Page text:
Mental Health and Selection of Preferred Providers

Experience in Three Employee Groups

Published In: Medical Care, v. 29, no. 9, Sep. 1991, p. 911-924

Posted on RAND.org on January 01, 1991

by Kenneth B. Wells, M. Susan Marquis, Susan D. Hosek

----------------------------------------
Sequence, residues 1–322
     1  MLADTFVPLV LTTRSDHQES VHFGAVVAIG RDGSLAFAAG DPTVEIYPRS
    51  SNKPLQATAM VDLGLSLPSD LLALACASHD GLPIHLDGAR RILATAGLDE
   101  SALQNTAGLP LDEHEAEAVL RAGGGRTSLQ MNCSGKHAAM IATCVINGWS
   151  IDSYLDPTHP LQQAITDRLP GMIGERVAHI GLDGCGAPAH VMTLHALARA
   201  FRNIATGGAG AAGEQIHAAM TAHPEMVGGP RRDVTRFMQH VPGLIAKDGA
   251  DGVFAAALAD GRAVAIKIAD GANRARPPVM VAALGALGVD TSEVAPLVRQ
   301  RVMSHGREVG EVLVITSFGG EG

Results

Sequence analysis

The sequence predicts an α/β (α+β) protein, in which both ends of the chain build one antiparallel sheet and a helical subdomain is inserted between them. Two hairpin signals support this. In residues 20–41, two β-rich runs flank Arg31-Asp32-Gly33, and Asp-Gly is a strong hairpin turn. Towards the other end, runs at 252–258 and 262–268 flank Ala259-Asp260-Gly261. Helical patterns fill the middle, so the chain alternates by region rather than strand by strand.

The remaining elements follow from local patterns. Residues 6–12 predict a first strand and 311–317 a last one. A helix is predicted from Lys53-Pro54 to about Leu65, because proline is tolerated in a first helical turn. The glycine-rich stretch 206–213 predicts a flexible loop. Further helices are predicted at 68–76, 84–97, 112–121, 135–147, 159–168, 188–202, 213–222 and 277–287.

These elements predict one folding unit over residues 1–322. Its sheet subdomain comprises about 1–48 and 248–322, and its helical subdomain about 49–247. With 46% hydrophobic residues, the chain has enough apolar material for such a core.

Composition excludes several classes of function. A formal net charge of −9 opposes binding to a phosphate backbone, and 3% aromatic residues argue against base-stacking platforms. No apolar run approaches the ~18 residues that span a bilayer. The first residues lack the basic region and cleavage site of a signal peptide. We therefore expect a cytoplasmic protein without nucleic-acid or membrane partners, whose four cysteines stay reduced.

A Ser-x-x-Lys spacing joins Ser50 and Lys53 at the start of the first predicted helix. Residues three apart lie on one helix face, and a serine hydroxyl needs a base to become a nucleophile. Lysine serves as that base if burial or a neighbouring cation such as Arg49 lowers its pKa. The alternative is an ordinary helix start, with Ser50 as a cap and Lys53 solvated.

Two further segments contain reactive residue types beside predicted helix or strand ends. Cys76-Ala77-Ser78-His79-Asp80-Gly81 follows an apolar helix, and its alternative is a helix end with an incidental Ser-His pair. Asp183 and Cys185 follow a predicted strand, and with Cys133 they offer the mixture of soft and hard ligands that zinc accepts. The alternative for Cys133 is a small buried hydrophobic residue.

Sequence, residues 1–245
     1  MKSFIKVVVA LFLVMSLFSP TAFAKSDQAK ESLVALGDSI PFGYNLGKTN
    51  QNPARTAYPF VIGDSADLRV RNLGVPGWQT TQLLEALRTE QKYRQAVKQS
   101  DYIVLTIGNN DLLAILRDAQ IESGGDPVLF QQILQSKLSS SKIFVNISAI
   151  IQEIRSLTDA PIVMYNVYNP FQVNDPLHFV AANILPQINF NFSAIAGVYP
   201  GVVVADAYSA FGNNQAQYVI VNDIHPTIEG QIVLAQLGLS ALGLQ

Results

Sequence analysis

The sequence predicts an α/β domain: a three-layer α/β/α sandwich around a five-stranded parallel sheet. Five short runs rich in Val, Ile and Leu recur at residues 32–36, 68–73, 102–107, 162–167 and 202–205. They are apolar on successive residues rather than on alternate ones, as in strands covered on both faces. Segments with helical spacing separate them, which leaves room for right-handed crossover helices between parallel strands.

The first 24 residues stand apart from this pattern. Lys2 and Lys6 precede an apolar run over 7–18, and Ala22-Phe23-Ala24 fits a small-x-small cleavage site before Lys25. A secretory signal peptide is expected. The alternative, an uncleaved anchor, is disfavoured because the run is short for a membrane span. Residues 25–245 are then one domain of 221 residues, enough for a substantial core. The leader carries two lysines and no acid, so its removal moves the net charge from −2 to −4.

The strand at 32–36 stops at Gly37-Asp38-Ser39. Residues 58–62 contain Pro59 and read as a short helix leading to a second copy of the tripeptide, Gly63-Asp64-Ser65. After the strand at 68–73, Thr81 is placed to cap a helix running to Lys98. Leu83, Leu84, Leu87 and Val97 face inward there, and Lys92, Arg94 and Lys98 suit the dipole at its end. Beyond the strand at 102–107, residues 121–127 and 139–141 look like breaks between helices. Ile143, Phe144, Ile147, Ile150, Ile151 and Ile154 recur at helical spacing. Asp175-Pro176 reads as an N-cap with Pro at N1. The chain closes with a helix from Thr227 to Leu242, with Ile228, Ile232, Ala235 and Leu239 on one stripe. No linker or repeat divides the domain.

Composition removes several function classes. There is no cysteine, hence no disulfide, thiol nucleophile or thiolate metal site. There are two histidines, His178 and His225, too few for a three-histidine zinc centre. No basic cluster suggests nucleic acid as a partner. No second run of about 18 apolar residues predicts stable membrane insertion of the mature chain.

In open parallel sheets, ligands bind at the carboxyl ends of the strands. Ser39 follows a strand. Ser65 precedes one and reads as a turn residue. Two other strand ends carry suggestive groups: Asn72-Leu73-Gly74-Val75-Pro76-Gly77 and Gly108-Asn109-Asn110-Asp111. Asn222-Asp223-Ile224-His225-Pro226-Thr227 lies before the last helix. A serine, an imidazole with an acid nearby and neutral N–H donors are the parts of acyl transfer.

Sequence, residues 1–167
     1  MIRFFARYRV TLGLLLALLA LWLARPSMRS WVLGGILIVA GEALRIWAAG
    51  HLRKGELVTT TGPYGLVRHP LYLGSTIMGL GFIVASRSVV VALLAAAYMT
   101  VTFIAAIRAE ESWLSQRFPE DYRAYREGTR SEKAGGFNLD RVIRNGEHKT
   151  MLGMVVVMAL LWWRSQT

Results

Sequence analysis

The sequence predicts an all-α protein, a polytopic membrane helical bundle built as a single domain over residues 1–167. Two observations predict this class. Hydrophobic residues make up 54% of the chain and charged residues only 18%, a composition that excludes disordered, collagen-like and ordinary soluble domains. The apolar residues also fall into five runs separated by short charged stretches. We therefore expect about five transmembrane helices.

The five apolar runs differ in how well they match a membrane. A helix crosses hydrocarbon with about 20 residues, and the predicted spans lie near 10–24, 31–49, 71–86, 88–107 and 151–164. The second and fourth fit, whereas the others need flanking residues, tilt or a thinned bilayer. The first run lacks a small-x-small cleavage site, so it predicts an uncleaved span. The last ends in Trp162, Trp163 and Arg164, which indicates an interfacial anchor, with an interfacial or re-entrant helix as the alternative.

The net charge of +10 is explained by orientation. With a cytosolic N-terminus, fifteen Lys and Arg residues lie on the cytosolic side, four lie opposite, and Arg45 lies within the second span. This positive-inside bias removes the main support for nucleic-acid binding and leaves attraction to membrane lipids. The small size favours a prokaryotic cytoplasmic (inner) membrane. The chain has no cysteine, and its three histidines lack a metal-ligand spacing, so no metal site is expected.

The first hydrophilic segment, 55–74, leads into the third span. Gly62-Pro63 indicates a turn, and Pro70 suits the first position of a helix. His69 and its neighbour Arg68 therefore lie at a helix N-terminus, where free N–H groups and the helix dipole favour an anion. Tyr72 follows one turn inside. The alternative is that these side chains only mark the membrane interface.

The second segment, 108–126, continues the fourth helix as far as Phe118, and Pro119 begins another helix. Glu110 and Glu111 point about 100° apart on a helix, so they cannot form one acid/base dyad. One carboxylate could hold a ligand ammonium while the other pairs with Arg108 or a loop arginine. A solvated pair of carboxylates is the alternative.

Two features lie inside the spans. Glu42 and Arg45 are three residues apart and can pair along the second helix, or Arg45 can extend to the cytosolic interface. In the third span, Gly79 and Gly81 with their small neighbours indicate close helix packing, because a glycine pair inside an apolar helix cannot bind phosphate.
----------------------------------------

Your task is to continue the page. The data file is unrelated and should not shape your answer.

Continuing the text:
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While Preferred Provider Organizations (PPOs) are designed to contain the costs of health care, they may not be able to do so if sicker individuals opt not to use PPO providers. This study examined how level of mental health status and prior use of mental health services affected the decision to use or not use PPO providers for mental health care for employees enrolled in fee-for-service plans with a PPO option. Data were obtained from an employee survey and claims data on three large employee groups. It was not possible to examine effects of sickliness on the intent to select PPO providers for mental health care directly because about one half of employees could not identify who they would visit for mental health care or even how they would select a provider for such care. The intent to use PPO or non-PPO providers for general medical care, however, was not significantly associated with mental health status when other factors were controlled. Furthermore, among persons who used mental health services after implementation of the PPO option, those who had previously visited providers who were to become part of the PPO panel tended to stay with PPO providers, while those who previously visited providers who were not to enter the PPO panel subsequently selected away from PPO providers for mental health care. This pattern of results suggests that established individual patient-provider relationships, rather than sickliness, determined the selection of PPO versus non-PPO providers for mental health care for employees enrolled in these optional PPO fee-for-service plans.

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